Search This Blog

Monday, December 06, 2010

A Final Overdramatic (Facebook) Note

This is the final note I posted on Facebook, archived for myself, I guess.

Most of our parents came of age in the 1970s, or "me decade." This phrase (coined by novelist Tom Wolfe) means (to quote all-knowing Wikipedia, which is iron-clad truth) that the 70s brought a "general new attitude of Americans towards self-awareness and away from history, community, and human reciprocity awareness." For some reason "finding oneself" has gone from generally not existing to apparently the most important activity one can partake in. Want to graduate college, get a job, settle down, find a place of residence, get married, and have children? That sounds like a plan...BUT WAIT!!! Have you found yourself yet? If not, I suggest you move back in with your parents. milk that as long as you can, and figure things out, dude. But this isn't really information I need to get out there. The 20s have transformed from a time of action and progress in one's life to a stagnant wasteland one wanders through until hopefully the miracle of the 30s happens. A lot of times, though, people do not want this for their life, but our society has changed so much that many have been forced into this position. I realize how fortunate I am to be where I am now, but I also spent a full year of unemployment after college hunkered down in my parents' house, clueless of what to do with myself. I also realize that I could lose everything and end up back in the bedroom with the Indiana Jones poster on the wall.
It's not that everyone even wants to have to "find themself", but even those of us who want to progress, even those of us who do not feel obligated to play X-Box Live in our childhood bedroom all day are forced into a stalemate by life. And let me add a quick note here: I do not think getting married and having children is the end all be all. It's not what everyone wants, it is not what everyone should want, and it CERTAINLY does not make anyone better than anyone else. Any idiot can get married and procreate. I am simply using this as an example of life progress because it is where I am right now and I am awesome and so worthy of your praise and attention, but I think the true goal is simply a sort of mental self-sufficiency where one thinks of one's self as an adult and does not feel like the world owes one more time to pedal one's bike with the kickstand down--finding one's self.
The only way you can actually find yourself is by the process of living. Feeling like you need 30 years to become an adult is not the way to do it. This is the world we live in now.
We live in the world of Facebook, where it is important to state your mind and who you are, to form an identity out of the things you can squeeze out of your keyboard as you sit alone in the dark. Or light. Dark just sounds more dramatic. Everything is about identity now, and Facebook is simply an outgrowth of that. In case you haven't caught on to what I am attempting to acheive in this clumsy segue, I am saying that Facebook is only an outgrowth of our society's continued trek inward--a trek away from community, but toward spending years locked inside ourselves in a desperate flailing solo waltz of self-expression. Yes, that was a dance metaphor. I could have said tango or samba, but for some reason waltz sounds sadder and more hopelessly isolating.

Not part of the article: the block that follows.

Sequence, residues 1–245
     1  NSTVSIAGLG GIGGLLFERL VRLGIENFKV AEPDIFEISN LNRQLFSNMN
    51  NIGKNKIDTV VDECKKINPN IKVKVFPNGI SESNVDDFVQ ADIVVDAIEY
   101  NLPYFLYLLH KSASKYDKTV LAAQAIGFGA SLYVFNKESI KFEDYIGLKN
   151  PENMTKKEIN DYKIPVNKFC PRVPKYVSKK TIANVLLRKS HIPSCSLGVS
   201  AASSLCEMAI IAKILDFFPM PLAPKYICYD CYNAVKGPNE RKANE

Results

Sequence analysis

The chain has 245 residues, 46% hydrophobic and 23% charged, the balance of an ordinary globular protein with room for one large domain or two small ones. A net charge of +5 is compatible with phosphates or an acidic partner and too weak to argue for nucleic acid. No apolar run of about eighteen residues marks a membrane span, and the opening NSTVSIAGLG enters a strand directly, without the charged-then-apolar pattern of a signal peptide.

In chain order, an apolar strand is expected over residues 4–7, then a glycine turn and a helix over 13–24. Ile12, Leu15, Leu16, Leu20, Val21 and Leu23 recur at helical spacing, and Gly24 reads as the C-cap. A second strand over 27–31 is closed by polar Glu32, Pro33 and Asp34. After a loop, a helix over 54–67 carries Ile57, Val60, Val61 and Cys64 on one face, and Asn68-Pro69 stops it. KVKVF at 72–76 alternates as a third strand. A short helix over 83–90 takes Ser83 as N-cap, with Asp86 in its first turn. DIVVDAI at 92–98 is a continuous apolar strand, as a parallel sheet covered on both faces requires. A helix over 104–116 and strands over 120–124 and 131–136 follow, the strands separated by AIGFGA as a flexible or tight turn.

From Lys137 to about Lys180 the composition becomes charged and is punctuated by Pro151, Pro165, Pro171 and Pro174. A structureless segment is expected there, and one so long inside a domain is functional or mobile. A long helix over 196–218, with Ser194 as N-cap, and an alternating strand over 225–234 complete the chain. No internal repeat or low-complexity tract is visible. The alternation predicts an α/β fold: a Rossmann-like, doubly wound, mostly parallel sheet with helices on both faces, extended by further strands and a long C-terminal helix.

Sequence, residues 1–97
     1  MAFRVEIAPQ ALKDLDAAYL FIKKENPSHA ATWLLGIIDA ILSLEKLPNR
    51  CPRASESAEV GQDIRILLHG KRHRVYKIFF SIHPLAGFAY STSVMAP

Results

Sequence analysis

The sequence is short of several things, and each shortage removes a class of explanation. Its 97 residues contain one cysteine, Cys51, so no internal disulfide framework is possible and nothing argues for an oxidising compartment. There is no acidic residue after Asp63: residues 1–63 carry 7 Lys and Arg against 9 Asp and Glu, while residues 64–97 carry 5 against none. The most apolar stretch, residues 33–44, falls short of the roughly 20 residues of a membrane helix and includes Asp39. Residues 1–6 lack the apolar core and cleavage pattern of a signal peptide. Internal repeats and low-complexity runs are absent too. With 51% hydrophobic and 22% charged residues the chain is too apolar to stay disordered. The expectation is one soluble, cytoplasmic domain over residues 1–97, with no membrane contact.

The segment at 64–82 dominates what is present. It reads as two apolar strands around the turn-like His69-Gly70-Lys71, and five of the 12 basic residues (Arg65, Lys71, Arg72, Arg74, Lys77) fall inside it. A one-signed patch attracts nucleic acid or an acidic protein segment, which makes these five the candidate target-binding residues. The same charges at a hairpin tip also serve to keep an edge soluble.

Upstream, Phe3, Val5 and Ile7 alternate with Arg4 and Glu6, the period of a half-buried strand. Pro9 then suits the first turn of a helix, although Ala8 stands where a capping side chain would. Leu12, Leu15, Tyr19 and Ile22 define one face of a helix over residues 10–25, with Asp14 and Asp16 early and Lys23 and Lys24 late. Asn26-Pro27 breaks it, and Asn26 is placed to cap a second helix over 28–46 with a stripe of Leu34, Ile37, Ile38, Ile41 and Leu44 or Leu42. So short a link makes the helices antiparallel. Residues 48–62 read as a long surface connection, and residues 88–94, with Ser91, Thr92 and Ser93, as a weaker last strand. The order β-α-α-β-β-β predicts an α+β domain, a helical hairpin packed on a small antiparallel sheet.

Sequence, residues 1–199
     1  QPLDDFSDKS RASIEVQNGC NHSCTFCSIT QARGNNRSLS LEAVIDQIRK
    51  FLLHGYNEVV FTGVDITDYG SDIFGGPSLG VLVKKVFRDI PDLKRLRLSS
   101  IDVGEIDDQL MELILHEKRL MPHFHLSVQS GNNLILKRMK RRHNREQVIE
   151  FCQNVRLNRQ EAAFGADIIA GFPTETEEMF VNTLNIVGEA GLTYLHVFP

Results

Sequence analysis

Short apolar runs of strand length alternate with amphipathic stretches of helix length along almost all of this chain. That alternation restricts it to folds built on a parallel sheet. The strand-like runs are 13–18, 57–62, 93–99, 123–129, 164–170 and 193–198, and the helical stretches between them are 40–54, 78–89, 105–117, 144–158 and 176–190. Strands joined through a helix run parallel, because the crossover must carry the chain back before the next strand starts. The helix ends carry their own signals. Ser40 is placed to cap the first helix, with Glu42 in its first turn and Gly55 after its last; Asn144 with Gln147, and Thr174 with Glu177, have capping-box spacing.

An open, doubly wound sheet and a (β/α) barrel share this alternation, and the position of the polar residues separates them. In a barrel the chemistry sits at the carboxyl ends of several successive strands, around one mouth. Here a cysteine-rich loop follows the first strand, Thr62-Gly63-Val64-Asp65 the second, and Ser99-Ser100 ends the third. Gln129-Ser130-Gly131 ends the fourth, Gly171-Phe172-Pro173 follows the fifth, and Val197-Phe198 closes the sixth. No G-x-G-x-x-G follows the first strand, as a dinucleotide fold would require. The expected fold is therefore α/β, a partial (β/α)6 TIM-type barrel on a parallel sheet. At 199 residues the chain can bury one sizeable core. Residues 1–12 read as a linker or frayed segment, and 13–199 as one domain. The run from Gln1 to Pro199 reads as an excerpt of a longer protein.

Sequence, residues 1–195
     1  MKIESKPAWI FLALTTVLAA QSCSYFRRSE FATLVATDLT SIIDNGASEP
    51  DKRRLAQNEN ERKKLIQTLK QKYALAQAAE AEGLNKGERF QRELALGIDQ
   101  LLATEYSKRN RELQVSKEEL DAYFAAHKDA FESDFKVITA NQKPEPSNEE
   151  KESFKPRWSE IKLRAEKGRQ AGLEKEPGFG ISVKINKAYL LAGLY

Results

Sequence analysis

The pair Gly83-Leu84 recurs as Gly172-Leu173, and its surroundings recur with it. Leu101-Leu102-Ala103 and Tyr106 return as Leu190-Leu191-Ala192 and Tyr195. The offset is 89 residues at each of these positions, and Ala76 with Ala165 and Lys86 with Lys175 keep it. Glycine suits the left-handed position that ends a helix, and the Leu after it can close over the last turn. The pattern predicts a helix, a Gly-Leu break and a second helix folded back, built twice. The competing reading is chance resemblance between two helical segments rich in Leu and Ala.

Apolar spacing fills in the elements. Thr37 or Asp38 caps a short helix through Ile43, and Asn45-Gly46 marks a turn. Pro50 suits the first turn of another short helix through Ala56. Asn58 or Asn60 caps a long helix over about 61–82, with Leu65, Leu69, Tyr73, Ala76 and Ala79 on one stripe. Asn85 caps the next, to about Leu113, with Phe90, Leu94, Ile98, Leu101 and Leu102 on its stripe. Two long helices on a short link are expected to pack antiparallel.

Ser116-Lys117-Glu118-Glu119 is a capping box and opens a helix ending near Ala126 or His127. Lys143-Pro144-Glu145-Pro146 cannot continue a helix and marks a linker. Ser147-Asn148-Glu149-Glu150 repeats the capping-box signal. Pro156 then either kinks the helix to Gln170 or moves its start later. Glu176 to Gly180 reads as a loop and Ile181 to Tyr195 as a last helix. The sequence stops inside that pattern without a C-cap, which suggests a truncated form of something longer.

Instead of actual community, living one's life for others, we live our lives to satisfy the growth of ourselves. Facebook is a perfect tool for this lifestyle because no community is actually neccessary. Though we think of Facebook as a community, it is nothing but a digital mirror of ourselves, our wants and desires, a carefully sculpted view of how we want others to see, perceive, and understand us. Instead of dealing with the uncomfortable act of holding a conversation, we can say that we "talked" to someone when what we really mean is, someone commented on one of our pictures and said our shirt looked cool, and we said "thank you." This is not a real conversation. No one is looking into our eyes, no one is seeing the subtle motions of our mouth and faces, no one is reading our body language. There is no art to it.
The same society that has produced a generation of self-reflecting wanderers has also produced a system of communication in which it is never neccessary to step out of your own head.
As the age of growing up is pushed to the point where our bodies are obviously already degenerating by the time we feel we have reached it, Facebook and other social networking websites only further our inabilities by encouraging us to stay in a place where we don't have to. We don't have to build an actual support system or lay a foundation beneath it because we can just construct one from electronic, wi-fi fables.
Maybe it is time to return to a place of closeness and reality with one another where we can lift each other up, support each other, raise organic vegetables in self-sustaining gardens, feed the children, save the babies, drive cars that use love as fuel, end war, dance around a hill holding hands and spinning in a circle as flowers fall from the sky and Julie Andrews serenades us from the top of a mountain, and live in a pineapple under the sea, absorbent and yellow and porous. It is time to be human again.

No comments: